Sunday, April 10, 2011

How Rick Scott's Drug Test Policy Will Work

Nothing says less government better than mandotory drug tests that have been ruled unconstitutional. The ACLU will beat Scott's executive order in court. Bank on it.

“I’m not sure why Governor Scott does not know that the policy he recreated by Executive Order today has already been declared unconstitutional.

“The state of Florida cannot force people to surrender their constitutional rights in order to work for the state. Absent any evidence of illegal drug use, or assigned a safety-sensitive job, people have a right to be left alone.

“Coming from a Governor who promised to protect our freedoms by limiting the intrusive reach of government into our personal lives, this massive expansion of government power at the expense of basic rights is stunning and exposes the state to serious future legal liability.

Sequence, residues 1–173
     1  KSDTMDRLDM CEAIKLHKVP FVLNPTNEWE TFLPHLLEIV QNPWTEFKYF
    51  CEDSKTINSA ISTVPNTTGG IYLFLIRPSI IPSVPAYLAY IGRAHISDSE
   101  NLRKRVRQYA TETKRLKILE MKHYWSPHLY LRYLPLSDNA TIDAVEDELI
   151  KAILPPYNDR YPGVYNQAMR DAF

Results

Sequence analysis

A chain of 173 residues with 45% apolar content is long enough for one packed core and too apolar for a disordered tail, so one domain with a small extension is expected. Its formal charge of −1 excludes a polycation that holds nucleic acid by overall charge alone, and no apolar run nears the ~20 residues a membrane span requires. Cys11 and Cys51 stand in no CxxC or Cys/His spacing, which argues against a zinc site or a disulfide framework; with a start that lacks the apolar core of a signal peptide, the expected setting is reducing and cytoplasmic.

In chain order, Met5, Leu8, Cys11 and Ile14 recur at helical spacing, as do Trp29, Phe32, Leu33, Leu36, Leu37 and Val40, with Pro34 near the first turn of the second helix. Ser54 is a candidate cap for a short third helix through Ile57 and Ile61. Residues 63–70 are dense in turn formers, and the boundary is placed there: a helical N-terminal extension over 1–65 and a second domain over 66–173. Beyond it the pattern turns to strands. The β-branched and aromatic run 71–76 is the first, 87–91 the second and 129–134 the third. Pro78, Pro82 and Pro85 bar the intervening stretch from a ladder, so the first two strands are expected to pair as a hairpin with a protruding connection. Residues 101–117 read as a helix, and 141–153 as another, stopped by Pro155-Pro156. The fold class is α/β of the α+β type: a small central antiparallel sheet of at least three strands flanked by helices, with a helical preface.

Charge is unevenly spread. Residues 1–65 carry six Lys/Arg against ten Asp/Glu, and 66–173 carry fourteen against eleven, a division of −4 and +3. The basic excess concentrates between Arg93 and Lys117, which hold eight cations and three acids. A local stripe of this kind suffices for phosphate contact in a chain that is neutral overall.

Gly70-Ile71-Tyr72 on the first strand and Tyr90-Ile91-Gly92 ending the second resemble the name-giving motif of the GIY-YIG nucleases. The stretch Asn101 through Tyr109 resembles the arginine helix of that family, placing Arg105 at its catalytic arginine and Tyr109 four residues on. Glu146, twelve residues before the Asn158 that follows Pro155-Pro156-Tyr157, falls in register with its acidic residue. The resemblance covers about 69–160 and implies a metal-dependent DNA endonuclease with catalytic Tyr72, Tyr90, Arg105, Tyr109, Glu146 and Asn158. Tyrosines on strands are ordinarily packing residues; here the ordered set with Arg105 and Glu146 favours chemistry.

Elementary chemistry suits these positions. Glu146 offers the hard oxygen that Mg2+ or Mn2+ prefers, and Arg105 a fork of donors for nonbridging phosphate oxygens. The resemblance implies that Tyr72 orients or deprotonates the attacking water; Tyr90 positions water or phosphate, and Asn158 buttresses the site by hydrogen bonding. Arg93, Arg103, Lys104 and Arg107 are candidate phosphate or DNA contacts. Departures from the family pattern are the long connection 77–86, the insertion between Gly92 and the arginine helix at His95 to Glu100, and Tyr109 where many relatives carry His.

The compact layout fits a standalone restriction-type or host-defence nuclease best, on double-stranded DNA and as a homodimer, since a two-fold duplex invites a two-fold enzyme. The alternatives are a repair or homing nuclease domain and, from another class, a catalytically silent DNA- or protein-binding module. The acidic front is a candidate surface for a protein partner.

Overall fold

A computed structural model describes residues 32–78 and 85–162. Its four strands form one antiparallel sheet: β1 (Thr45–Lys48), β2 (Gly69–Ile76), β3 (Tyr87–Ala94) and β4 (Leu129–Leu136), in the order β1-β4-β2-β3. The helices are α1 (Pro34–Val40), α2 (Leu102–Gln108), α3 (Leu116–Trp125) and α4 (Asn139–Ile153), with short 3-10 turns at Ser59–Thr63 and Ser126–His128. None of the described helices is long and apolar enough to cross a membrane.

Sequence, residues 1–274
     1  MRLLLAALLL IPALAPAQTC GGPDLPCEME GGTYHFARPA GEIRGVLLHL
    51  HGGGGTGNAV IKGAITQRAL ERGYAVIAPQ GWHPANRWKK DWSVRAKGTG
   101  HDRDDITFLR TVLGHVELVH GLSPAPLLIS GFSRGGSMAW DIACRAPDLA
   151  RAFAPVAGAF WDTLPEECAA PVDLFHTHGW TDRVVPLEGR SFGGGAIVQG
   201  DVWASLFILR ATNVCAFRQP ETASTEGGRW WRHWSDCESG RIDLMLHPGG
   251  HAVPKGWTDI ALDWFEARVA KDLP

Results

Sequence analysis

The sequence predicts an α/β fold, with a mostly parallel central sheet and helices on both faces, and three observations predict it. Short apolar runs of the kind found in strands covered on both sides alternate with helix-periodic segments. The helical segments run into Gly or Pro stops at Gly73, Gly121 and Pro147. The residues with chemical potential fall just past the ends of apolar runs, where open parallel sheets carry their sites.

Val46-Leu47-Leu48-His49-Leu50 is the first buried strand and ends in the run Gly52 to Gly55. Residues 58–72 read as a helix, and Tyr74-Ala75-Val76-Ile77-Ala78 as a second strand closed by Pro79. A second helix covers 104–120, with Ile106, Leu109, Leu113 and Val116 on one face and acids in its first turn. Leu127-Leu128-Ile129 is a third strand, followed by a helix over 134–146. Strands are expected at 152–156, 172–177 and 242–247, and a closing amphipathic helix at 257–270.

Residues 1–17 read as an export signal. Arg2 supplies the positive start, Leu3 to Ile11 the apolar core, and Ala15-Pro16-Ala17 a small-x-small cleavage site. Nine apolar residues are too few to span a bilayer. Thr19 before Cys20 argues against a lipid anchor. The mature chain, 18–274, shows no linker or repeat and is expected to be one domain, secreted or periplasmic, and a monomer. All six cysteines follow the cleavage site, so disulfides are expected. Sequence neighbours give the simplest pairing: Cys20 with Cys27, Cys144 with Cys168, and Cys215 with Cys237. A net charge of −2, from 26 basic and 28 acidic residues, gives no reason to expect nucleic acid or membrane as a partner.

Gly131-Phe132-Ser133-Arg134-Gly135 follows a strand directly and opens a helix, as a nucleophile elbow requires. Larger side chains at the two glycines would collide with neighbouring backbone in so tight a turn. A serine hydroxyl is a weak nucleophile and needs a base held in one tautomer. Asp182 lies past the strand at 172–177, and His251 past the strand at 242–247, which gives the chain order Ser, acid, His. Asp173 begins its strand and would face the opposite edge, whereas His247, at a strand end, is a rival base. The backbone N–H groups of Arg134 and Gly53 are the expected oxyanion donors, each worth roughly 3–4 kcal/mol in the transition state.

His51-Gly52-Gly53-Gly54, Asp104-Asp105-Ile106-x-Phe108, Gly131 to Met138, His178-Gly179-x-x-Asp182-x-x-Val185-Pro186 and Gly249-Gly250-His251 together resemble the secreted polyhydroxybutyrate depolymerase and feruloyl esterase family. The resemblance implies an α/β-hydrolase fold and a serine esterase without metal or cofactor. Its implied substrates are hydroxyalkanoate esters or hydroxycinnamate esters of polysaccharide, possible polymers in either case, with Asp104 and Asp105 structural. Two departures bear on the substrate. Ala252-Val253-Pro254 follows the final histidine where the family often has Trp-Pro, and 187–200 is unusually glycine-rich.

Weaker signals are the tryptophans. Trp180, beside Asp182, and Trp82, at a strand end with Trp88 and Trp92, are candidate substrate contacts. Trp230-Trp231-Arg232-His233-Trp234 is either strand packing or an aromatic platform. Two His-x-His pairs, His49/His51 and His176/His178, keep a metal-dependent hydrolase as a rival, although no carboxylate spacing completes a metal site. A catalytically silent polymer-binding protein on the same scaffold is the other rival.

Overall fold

“Since we have already succeeded once in overturning this unconstitutional expansion of government power, the ACLU of Florida is willing to represent any state employee or association of state employees who will have their rights infringed upon if the announced policy takes effect.“

The taxpayers look forward to paying for Scott's pointless legal fight. Scott should brush up on the Fourth amendment.

The right of the people to be secure in their persons, houses, papers, and effects, against unreasonable searches and seizures, shall not be violated, and no Warrants shall issue, but upon probable cause, supported by Oath or affirmation, and particularly describing the place to be searched, and the persons or things to be seized.

The courts have ruled there must be probable cause to drug test state workers. Scott can not just assume that all state workers are druggies and demand testing.

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